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Jun 19, 2018

Cryptocurrency and the Environment

“Bitcoin mining is using up more electricity than the entire country of Ireland.”


While Ireland’s population is quite small with its less than 4.8 million people, the power consumption of Bitcoin is still often underestimated. It is odd to think that just one cryptocurrency might consume the same amount of energy every year as 6.3 million US households.


But is it such a crime that the crypto-revolution which is changing the world needs a little juice to get going? Let’s look deeper into the situation.


Using electricity in, and of, itself is fine. Electricity itself is part of nature; it’s not like Styrofoam, which is created in a contamination-free lab by scientists in white coats. The environmental hazards lie in how electricity is generated.


Despite it being 2018, there are many countries still using coal and gas in their power plants. A disturbing piece of news really brought attention to the issue, when a decommissioned coal mining plant in Australia was purchased by a Bitcoin mining company, to be reactivated solely to power bitcoin mining equipment. In this light, it seems as if we are moving backward to create a forward-thinking, global currency when we should be concentrating our efforts on keeping our air clean and the ozone layer intact.


However, there is a significant movement and belief that says we can have cryptocurrency mining and a clean environment, at the same time. According to research conducted at, there are 54 mining companies alone that started in the last 2 years, which boast using renewable clean energy that powers their mining rigs, using either solar, hydrogen, wind power, or a combination of the three.


A handful of other mining farm startups claim special rate deals from local power plants, but ultimately they will struggle to compete with the rates of solar energy and hydro dams. There is even a project for creating electricity through a magnetic vacuum, which is an interesting innovation by itself. While there is no telling yet if this will work on a large scale, the necessity once again is driving technology forward.


“Bitcoin is currently using 0.31% of all the world’s electricity.” - The Digiconomist


Why does Bitcoin need all that energy, when many other coins don’t?


To create Bitcoins, by far the most valuable currency at this time, you have to use a mining rig, which is a powerful computer that performs calculations of random math problems and submits the result to the blockchain. Every 10 minutes, one of those results will be right and is chosen to receive a block reward (contains a certain number of Bitcoins, which decreases over time), currently, that reward is worth almost $100,000 USD. This method of creating coins is called Proof of Work.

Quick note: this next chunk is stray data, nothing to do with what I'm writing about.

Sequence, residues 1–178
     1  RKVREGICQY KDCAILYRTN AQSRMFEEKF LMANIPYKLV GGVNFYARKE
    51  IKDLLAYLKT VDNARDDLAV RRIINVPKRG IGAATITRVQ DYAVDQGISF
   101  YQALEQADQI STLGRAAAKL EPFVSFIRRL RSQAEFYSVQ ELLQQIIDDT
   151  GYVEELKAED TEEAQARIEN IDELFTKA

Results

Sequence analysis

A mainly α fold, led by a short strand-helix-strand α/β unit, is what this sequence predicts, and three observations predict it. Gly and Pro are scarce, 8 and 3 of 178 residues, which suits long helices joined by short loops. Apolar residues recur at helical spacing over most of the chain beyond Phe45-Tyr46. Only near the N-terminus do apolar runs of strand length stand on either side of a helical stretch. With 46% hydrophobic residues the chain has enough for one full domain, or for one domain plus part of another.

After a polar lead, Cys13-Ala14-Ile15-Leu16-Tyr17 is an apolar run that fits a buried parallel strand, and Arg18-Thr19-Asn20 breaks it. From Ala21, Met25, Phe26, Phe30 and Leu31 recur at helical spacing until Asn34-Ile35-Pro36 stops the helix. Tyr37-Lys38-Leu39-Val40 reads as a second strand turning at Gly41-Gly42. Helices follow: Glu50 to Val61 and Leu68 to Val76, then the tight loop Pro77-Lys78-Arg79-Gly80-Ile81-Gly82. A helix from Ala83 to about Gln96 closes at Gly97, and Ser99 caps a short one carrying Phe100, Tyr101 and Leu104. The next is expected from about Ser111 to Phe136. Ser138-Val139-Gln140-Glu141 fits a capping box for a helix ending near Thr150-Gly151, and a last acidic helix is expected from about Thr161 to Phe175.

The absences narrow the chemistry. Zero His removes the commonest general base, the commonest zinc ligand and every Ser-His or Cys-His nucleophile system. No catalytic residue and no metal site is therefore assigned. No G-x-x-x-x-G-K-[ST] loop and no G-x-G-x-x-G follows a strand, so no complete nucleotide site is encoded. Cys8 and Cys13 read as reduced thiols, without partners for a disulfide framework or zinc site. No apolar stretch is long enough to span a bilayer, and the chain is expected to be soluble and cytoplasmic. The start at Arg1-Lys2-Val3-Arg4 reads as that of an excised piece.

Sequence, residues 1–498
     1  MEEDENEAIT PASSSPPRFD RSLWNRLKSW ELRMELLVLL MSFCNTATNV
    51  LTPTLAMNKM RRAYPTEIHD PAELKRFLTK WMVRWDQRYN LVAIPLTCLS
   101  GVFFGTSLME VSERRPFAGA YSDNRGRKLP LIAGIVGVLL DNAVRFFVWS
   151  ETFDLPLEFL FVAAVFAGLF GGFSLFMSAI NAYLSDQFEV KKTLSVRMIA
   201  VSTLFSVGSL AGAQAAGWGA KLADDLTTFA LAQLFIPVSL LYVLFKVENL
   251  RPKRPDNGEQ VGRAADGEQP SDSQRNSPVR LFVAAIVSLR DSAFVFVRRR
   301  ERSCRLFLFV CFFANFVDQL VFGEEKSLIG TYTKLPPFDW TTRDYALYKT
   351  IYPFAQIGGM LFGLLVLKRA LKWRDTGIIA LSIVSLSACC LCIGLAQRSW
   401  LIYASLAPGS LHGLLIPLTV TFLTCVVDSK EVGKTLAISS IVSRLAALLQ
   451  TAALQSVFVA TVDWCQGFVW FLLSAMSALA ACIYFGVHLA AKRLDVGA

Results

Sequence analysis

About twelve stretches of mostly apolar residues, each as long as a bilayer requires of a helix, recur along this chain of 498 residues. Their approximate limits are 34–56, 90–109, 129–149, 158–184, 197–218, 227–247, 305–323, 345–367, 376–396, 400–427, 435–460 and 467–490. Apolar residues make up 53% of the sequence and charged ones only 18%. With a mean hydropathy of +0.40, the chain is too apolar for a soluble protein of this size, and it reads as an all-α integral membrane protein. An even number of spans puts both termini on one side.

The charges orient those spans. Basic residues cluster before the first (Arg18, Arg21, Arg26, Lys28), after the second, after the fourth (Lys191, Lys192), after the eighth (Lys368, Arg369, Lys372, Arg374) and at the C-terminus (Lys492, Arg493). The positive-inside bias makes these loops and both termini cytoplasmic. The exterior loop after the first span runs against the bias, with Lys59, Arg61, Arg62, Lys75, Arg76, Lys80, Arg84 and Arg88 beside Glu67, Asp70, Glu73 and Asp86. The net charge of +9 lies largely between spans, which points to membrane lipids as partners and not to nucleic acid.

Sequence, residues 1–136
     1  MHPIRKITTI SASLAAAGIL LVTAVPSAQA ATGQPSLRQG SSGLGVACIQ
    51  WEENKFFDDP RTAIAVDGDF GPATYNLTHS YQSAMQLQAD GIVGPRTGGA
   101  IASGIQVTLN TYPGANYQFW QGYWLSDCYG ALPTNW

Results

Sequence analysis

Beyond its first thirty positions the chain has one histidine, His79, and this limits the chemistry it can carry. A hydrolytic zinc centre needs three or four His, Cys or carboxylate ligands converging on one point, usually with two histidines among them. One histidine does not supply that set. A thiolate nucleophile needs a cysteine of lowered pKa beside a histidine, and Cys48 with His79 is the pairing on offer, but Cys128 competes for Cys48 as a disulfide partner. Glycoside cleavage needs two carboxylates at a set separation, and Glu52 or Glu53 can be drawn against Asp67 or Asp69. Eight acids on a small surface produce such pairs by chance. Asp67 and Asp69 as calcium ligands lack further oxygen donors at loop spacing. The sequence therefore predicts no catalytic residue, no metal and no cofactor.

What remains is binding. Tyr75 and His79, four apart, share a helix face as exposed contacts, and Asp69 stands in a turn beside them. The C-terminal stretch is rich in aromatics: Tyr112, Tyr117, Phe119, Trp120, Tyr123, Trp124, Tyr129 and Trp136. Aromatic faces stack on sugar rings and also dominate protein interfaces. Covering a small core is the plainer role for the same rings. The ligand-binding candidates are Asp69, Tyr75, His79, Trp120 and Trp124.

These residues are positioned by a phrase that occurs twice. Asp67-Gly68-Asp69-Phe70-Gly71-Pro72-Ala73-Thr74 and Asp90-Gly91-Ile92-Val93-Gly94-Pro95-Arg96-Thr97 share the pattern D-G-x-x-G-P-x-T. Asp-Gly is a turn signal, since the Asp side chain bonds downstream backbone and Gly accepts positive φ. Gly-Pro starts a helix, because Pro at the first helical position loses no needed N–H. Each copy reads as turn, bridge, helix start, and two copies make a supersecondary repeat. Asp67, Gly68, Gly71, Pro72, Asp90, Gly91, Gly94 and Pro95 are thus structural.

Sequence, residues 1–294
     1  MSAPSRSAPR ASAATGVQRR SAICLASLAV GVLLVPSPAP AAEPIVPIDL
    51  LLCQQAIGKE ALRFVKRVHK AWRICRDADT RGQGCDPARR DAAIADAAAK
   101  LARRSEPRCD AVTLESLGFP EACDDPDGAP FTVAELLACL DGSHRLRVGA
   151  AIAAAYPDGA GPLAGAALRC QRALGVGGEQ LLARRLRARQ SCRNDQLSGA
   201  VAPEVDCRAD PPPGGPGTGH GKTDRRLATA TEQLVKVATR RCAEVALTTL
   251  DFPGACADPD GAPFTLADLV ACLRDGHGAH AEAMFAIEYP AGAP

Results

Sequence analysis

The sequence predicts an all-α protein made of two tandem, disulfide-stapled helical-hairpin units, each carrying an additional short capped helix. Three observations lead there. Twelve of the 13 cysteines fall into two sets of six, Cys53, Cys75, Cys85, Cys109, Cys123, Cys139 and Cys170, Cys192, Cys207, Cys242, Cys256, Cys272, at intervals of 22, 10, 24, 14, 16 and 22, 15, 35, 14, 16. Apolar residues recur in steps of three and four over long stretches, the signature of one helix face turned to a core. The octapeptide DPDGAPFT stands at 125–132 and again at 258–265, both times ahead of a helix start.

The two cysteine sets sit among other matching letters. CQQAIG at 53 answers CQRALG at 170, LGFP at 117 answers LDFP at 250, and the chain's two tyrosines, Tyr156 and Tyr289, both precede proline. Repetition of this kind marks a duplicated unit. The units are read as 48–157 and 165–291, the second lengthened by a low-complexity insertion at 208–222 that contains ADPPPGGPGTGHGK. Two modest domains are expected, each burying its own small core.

This has another function though, as well. It keeps your network decentralized, so no one or a small handful of people control it. Proof of Work ensures the validity of transaction better than any other consensus method so far.


This was an excellent way to do things, in theory, for many years. However, now that industry has got involved, there really are only a small handful of companies with large enough infrastructure to mine the majority of bitcoins. The vast majority of calculations solved per second (known as the network hash rate) is currently controlled by 7 major pools. That’s not at all what a decentralized network looks like, and is not what The Bitcoin Foundation intended.


Bitcoin is not the only coin consuming tremendous amounts of energy. Ethereum is the next largest coin, around 1/3rd of the size of Bitcoin. Their founder is considering changing the consensus mechanism so no more coins can be mined, and going to a Proof of Stake system, which is extremely more energy-efficient.


But then there will be another problem – new coins are given based on how many coins people already have. A powerful investor could easily just purchase the majority of the coin (several billions of dollars) and essentially own the entire network.


As with demand, supply must grow, in parallel. What happens when all of the current renewable energy sources are not enough? Bitcoin miners simply invest in building more renewable energy infrastructure. When new consensus methods are discovered and mining is either obsolete or much more energy-efficient, this surplus renewable energy will then trickle into the rest of the grid, causing fossil-fueled plants to slow, and eventually shut down.


While currently, the electricity consumption by Bitcoin may be a problem, in the long-term it could very well lead to a much cleaner, more energized, Earth.


Listen to Crypto and Blockchain Talk for more interesting topics!


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